Is Unity Possible Among All Ethnic Groups?
IS THERE a basis on which people can get along together in real, heartfelt love and unity? Is it possible, particularly if they are of different race or nationality, language and social background?
Near the close of 1970, when a group of 236 persons from the United States and Canada visited Africa, they had opportunity to get firsthand information about this matter. Where could a greater diversity of ethnic groups be found? And where on earth is there now a stronger expression of the quest for freedom than in this continent, awakening like a giant to its privileges and place in the world?
The travelers chose December for their trip, because throughout this month Jehovah’s witnesses in Africa were to hold their “Men of Goodwill” assemblies. These conventions would bring together thousands of Africans of many tribes and varied backgrounds. The traveling group were themselves Jehovah’s witnesses. They knew that the Bible says, ‘God made out of one man every nation of men.’ And they had seen unity and cooperation displayed in the first series of such assemblies held in North America last summer. Would this be possible in all lands? Moreover, would these North American visitors be received as “brothers” and would they, in turn, feel like brothers to the assembly delegates in Africa?
In order to cover the ten assemblies to be visited the travelers took different itineraries, some visiting one assembly and some another. Dakar, Senegal, situated on the westernmost point of Africa’s great bulge into the Atlantic Ocean, was first.
Arriving in Dakar, the tourists were warmly greeted at the early hour of 7:30 in the morning by a large delegation of local Witnesses, assisting them through customs and whisking their luggage onto waiting buses. Some were accommodated near the main hotel in quaint conical-shaped huts after the Senegalese fashion, to get the real feeling of a visit to Africa.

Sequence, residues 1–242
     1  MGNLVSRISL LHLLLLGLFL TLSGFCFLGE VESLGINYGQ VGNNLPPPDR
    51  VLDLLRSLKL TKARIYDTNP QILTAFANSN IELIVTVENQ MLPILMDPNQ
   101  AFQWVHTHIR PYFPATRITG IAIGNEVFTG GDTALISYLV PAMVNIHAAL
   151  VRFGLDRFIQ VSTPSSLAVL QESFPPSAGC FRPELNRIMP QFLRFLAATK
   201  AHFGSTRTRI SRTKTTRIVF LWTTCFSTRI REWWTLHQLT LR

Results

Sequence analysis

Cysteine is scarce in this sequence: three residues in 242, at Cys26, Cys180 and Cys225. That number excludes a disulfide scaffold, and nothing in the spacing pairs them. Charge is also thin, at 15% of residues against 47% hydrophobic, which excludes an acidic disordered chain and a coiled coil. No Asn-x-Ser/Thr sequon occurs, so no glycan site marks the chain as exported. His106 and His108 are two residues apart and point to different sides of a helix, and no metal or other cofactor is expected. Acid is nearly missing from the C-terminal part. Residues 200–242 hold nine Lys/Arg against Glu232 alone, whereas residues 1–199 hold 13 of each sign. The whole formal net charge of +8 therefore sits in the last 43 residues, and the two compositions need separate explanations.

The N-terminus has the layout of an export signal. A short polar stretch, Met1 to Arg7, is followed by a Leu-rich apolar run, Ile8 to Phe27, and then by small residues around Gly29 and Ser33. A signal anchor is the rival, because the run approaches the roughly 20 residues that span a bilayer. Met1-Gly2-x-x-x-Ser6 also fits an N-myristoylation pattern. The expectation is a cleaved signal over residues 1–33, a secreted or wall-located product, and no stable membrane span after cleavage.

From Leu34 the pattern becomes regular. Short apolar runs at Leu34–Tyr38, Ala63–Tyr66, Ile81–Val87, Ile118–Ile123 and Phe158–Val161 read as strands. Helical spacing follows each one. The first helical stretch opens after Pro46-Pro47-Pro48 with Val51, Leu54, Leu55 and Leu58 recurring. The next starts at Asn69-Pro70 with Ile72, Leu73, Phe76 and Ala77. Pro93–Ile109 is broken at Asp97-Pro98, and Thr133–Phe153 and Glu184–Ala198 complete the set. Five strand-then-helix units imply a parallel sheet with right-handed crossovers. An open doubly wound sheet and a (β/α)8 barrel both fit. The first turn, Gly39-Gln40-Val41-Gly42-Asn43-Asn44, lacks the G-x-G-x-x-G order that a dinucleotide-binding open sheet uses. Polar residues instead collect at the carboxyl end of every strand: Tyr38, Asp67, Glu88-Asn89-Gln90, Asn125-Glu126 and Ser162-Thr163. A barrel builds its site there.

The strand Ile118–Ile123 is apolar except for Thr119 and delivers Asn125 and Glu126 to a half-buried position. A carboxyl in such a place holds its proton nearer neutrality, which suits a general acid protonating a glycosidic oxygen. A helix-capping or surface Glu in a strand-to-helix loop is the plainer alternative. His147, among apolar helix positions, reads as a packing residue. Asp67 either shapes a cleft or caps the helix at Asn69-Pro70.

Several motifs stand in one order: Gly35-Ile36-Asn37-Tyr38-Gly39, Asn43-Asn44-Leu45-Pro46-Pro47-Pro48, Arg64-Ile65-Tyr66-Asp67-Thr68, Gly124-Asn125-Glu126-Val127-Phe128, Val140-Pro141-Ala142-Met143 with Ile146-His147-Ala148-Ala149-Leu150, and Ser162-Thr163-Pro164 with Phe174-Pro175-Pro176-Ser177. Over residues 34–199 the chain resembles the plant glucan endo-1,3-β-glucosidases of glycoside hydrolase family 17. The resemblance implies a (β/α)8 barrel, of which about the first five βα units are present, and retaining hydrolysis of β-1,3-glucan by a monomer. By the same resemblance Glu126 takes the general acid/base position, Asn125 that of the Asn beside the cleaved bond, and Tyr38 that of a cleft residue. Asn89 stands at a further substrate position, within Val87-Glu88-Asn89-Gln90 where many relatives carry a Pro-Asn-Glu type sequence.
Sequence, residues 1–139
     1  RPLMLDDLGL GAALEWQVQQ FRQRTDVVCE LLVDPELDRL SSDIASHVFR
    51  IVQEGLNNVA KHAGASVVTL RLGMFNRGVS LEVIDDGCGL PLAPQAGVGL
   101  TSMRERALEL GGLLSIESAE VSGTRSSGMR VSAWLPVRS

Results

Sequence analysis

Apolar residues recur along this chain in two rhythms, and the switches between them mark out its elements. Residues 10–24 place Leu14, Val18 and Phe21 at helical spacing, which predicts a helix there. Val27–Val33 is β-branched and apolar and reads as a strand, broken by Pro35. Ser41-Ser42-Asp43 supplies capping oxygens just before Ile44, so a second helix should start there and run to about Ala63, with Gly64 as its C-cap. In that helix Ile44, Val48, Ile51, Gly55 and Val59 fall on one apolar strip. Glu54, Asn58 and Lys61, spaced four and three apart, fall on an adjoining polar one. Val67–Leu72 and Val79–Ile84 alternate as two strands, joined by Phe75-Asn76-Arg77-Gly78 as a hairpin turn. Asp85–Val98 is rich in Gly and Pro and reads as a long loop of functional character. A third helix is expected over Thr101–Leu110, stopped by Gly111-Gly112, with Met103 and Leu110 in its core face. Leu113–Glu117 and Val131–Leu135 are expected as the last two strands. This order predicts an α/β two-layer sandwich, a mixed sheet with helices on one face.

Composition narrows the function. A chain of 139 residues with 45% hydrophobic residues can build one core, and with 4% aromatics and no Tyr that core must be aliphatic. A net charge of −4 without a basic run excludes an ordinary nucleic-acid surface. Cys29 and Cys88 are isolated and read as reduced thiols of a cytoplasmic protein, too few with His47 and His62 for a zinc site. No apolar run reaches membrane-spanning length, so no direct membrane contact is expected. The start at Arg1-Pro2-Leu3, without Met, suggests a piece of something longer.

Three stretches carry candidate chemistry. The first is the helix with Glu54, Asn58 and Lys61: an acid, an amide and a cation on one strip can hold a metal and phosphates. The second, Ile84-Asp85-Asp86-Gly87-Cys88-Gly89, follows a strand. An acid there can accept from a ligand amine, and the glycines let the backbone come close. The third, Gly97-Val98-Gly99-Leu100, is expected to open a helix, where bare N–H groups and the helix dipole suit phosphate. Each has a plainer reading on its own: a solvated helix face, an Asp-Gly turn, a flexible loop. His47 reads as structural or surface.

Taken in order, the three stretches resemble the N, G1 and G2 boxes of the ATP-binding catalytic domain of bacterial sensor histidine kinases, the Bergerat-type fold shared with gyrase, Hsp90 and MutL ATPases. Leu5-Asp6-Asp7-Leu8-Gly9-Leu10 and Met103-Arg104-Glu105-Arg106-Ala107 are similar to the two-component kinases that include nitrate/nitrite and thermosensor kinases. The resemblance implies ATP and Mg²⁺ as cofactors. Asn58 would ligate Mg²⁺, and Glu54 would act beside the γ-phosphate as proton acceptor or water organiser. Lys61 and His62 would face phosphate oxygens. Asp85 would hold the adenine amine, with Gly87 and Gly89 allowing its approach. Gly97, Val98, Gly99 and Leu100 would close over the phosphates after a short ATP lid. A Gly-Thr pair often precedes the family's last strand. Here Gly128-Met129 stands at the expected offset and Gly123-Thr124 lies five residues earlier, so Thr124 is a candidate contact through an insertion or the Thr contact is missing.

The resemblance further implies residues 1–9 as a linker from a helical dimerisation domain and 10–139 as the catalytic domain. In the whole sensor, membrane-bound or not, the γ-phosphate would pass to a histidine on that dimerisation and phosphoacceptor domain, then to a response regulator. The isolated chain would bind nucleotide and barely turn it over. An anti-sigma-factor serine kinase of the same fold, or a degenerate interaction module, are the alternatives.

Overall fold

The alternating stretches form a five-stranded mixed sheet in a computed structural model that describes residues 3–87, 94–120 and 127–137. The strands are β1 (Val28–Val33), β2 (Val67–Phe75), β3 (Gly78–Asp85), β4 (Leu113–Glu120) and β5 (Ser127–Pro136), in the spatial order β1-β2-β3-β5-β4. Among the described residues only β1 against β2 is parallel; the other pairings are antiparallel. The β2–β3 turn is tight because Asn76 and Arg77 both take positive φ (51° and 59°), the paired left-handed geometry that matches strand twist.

The four-day assembly, opening on December 1, was held at La Maison des Jeunes, or Youth Building. Though the exterior of the building was very attractive, the interior had fallen into a state of disrepair. But the Senegalese Witnesses got to work ahead of time with buckets of water and soap. At no cost to the hall owners they used nearly one hundred gallons of paint, replaced light bulbs, repaired and replaced doors, unblocked sewers and provided water facilities. After 1,200 man-hours of hard work everything was ready, including a fine platform with scenic backdrop. Surely the visitors from Western shores never had anything cleaner or more comfortable for a meeting place.
In this country of about four million people, 80 percent of whom are Moslem, 178 of Jehovah’s witnesses carry on their preaching activity. The assembly was not advertised, but was in the nature of a private gathering. The peak attendance was 325. Both the president of the Watch Tower Bible and Tract Society, N. H. Knorr, and the vice-president, F. W. Franz, appeared several times on the program, speaking through interpreters.
AUDITORIUM DIRECTOR COMMENTS
What did the delegates from the American continent observe here as to the question of unity among people of various races and languages? Perhaps it is reflected in the remarks made by the director of La Maison des Jeunes. Commenting on the cooperation and discipline displayed, he asked: “Please, tell me how you do it?” When it was explained that it is not achieved by making an announcement over the public-address system but is a way of life learned through a study of the Bible and practiced in everyday life, he asked to receive subscriptions for the Watchtower and Awake! magazines and wanted a copy of all the Watch Tower publications placed in the Youth Building’s library. In parting he concluded: “I never realized that you have such a serious organization with such high standards of cleanliness and orderliness. And you are always in such a happy frame of mind; it is obvious you have a very noble purpose.”